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A general overview of international politics and alliances in the world of Napoleon's Australian Victory .
The modern world has developed quite differently in this universe. Instead of the Bipolar alliance system which has prevailed since the 20th century, there is a strong Tripolar tradition, with three separate power blocs; the Continental Bloc, the Coalition, and the Greater Asian Sphere. Each bloc is centred on one particular power, the French Empire, the Brazllian Empire, and the Sino-Japanese Empire respectively.
The French Bloc
The Continental, or French Bloc, is arguably the most powerful of the three. Although it has all the typical characteristics of a proper alliance, the Continental Bloc is, in fact, not. There is no treaty to which the member states have agreed to. Instead, the members are each individually allied to France by its own treaties and alliances.
The origins of the "bloc" can be found in the reigns of the first two French emperors. The puppet and client states established by the first Napoleon supported France during the Napoleonic Wars, and in turn, were supported economically and politically by France. This symbiotic relationship resulted in a closely knit family of nations in Europe. Russia is an anomoly in this sense. It became allied to France in 1807 with the signing of the Treaty of Tilsit.
Nations currently considered as part of this bloc are: the French Empire, Russian Empire, United States of America, Nigeria, the Confederation of the Rhine, Duchy of Warsaw, Switzerland, Naples, Scotland, Ireland, Hyderabad, Siam, and New South Wales.
Although members of the bloc generally vote together in FN resolutions, there is some animosity between the members of the alliance. For example, New South Wales and Warsaw have viewed each other with suspicion ever since the Polish War of the early twentieth Century. The leaderhsip of France however, has managed to largely keep the peace between conflicting nations within the alliance.
Unlike the Continental Bloc, the Coalition is a proper alliance with a treaty. Although officially established in 1840, the Coalition can trace it's roots back to the anti-French Coalitions of the Napoleonic Wars. When the Portuguese royal family fled to Brazil in 1808, they kept up the fight with Napoleonic forces. Even after the end of hostilities and the exile of the British to Saint Helena, Brazil maintained alliances with the nations traditionally anti-French/Napoleon. This band of dissatisfied francophobes was made official in 1840, with the signing of the Rio Accords in Rio de Janeiro.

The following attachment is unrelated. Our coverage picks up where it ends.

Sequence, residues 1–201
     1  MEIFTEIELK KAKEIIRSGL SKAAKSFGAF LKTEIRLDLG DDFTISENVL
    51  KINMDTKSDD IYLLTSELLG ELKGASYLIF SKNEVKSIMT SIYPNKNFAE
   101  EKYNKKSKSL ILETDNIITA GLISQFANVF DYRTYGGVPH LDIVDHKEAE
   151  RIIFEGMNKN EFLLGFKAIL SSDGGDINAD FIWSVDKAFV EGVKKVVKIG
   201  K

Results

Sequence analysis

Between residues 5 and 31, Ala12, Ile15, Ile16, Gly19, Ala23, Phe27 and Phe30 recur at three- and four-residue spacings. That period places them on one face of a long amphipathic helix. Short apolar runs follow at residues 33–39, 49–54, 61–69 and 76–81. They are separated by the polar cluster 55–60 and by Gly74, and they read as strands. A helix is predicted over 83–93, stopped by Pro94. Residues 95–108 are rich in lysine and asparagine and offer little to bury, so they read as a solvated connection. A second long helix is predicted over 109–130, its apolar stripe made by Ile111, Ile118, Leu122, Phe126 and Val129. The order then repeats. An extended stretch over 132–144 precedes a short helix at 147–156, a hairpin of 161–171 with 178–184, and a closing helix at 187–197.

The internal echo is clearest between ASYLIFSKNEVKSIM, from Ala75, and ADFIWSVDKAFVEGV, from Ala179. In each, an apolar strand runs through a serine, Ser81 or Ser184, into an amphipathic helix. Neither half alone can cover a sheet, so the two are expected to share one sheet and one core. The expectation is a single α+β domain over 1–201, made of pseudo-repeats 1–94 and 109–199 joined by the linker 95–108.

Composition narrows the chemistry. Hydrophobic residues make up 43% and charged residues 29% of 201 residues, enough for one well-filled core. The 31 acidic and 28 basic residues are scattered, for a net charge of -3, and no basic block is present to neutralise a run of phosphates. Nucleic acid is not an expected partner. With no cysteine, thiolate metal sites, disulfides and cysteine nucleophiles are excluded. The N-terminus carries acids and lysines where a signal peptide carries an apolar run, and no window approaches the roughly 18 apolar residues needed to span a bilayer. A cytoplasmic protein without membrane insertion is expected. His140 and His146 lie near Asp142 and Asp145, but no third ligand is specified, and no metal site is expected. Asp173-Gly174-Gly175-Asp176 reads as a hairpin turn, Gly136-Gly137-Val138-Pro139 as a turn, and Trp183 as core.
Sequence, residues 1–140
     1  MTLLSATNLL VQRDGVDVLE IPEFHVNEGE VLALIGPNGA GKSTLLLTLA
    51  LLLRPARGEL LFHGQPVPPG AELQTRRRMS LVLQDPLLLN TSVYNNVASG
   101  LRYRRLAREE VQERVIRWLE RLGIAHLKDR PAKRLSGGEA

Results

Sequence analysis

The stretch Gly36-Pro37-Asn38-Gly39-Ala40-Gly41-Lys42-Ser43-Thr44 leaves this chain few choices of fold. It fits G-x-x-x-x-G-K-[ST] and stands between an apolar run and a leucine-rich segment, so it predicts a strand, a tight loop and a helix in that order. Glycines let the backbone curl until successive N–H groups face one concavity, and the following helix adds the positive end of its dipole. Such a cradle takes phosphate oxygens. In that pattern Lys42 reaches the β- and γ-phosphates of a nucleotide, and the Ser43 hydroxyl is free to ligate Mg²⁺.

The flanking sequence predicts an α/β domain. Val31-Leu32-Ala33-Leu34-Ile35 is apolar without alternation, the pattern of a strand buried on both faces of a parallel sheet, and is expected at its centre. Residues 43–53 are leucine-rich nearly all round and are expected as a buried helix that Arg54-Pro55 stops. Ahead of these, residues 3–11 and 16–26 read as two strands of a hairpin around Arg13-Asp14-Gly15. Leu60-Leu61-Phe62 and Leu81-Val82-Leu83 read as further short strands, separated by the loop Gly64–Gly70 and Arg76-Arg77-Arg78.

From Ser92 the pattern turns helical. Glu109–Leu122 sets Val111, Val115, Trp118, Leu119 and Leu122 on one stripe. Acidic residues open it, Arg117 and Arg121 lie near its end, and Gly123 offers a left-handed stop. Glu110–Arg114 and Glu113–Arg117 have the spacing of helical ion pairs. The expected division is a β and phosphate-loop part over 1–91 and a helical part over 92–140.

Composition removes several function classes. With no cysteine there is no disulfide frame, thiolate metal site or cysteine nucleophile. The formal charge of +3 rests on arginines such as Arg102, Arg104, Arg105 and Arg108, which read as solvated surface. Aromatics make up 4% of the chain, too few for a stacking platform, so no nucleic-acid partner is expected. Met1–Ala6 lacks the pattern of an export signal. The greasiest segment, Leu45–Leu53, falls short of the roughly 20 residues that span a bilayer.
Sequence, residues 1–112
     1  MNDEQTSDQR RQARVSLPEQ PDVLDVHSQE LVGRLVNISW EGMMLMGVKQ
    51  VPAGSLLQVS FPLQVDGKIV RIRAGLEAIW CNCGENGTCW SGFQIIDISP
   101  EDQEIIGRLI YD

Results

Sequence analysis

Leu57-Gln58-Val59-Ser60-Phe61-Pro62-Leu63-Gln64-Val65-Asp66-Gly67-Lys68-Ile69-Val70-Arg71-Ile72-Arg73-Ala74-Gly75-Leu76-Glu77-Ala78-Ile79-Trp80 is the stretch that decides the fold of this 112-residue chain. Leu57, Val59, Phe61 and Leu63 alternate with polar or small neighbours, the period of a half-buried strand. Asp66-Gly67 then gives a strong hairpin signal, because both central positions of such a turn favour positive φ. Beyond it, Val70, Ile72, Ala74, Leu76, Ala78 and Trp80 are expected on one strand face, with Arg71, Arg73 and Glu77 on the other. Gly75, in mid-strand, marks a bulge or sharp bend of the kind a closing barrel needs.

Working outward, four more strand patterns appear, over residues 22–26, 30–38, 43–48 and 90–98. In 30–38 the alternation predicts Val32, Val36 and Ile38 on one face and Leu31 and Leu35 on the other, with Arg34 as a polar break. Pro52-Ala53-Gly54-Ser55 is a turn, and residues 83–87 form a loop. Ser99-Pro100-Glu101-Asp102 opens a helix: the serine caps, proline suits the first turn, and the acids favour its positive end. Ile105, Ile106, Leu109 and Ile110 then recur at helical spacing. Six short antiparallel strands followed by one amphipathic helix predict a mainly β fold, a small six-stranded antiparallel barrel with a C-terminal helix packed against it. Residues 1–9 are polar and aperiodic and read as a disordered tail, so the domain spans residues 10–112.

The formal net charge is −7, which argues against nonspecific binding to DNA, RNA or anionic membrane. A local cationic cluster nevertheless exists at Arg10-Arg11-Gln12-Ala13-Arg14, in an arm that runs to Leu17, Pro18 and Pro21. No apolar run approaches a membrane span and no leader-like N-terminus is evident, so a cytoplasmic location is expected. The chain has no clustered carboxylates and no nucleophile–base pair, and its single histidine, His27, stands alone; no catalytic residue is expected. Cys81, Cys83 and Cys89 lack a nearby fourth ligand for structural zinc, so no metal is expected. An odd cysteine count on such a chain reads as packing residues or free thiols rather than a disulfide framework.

The Coalition consists of Brazil , Peru, Chile, Haiti, the Rio de Plata, Iceland , the Ottoman Empire, the Congo, Madagascar, the Dutch Republic of the East Indies, Van Diemen's Land , and New Zealand.
The Coalition, despite being the oldest of the alliances, is commonly regarded the the "Third" alliance, keeping the balance of power between the Continental Alliance and the Greater Asian Sphere. In this way, the Coalition is able to counter the numerical superiority of the Contenintals in the FA .
The Greater Asian Sphere
The Asian Sphere is the newest of the major alliances, but by no means the least powerful.
The origins of the alliance can be traced back to 1860, when the imperial thrones of China and Japan were combined into the Sino-Japanese Empire. Seen by many Asians as a bastion against the Imperialism of the Europeans, the Empire gained many allies Eastern and African allies. In 1900, Emperor Meiji held a convention of his allies in Taipei, during which Sino-Japan, Burma, India, Persia, Arabia, Ethiopia and the Zulus signed the Pact of Eternal Opposition and Solidarity against the Barbarians.
The Sphere was one of the combatants of the Asia-Pacific War and regard the war as a victory, since they gained much land in the final peace settlement.
After the war, the South American dictatorships of Martinia and the United Provinces joined the pact, and started receiving aid from it's new allies.
The Sphere always votes together in the FN on issues of political consequence. The individual nations are generally allowed a conscience vote on Environmental and humanitarian matters.
National Geopolitical Goals
France, as a large, multinational world empire, has many foreign policy aims. First and foremost, the maintenance of hegemony over Europe. Ever since the end of the Napoleonic Wars, this has been Imperial France's highest goal. Knowing that a continental enemy would be detrimental to the security of the empire, France's policy makers have tried bery hard to keep the nations of Europe allied to, if not dependent on, France.
Another part of this is keeping Russia on it's side. This is the second major French geopolitical aim. Having an enemy Russia behind allied Europe's back would throw any sense of continental security out the window. Also, the Russian ports of Pertopavlovsk, Vladivostok (before the Asia-Pacific War), and Svatoy Frantsisk have opened up the Pacific to the French navy. Luckily for France, since the Treaty of Tilsit in 1807, and the subsequent joint invasion of Austria and the Ottoman Empire, Russia has been quite loyal to it's French allies.
The third major aim of French foreign policy is to keep the sea lines between the metropole and the overseas provinces open. The overseas provinces are vital for furnishing European France with goods, foods, and raw materials. It is because of this that the French Navymaintains such a presence in French ports across the globe, and in the bases of it's allies. The achievement of this goal is, to some extent, reliant on the first two goals, seeing as the European Allies and Russia do control ports of high geopolitical worth.